This paper argues that there is a Coasean Bargain available to banks, Long-term Investors, and Bank Regulators around a particular form of "Contingent Capital." By purchasing rights to issue equity in crisis events at a pre-specified price from Long-term Investors, banks can ensure that they will have sufficient regulatory capital available when they need it most: in a crisis. By selling these rights (effectively, a form of crisis insurance) long-term investors can monetize their counter-cyclical investments strategies in banks and, thus, obtain an adequate return as long-term investors. Bank Regulators, in turn, gain as they can thereby implement a more efficient form of equity-capital regulation. Banks have a special need to maintain their equity-capital base in the event of a crisis. Sovereign Wealth Funds and other long-term investors have proved to be the only available counterparties for banks in crisis times. This is why we argue that these investors must be able to monetize the countercyclical asset-management strategies they are trying to implement by obtaining a higher return on their cash reserves. The form of contingent capital we propose (Capital Access Bond) reflects a balance between investors' preferences, issuers' constraints, and regulators' objectives.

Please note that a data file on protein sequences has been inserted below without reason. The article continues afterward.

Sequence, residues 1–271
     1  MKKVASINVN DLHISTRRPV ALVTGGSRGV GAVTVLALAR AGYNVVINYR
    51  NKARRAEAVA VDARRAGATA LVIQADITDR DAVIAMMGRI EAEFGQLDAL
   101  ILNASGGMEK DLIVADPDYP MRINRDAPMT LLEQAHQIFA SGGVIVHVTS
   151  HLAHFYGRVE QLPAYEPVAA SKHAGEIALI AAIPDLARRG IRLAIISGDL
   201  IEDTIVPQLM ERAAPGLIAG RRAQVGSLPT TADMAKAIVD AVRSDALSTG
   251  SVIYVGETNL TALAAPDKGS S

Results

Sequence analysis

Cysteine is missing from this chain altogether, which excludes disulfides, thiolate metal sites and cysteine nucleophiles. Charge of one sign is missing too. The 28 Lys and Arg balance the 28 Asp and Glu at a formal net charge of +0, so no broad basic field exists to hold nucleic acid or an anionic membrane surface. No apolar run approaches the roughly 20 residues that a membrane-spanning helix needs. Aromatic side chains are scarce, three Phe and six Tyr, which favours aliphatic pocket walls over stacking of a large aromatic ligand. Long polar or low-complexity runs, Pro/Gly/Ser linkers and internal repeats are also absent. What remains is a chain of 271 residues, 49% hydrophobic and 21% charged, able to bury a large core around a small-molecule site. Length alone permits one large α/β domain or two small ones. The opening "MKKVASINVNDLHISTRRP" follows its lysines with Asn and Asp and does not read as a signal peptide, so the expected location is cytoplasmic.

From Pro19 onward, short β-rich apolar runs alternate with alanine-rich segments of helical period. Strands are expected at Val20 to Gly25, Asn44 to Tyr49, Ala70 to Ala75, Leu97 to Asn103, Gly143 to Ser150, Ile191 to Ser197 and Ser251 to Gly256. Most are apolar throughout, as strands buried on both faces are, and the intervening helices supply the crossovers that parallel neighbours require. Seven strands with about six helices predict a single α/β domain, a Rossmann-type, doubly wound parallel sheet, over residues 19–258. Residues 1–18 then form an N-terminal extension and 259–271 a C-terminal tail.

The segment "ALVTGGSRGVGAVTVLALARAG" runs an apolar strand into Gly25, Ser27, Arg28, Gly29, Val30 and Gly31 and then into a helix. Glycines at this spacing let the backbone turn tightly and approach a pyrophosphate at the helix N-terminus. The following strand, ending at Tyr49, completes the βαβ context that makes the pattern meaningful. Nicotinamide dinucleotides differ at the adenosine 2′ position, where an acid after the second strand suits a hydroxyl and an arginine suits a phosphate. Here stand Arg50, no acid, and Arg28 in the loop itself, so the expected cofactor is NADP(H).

Bolton, Patrick, and Frederic Samama. "Capital Access Bonds: Contingent Capital with an Option to Convert." Economic Policy 27, no. 10 (2012): 275-317.
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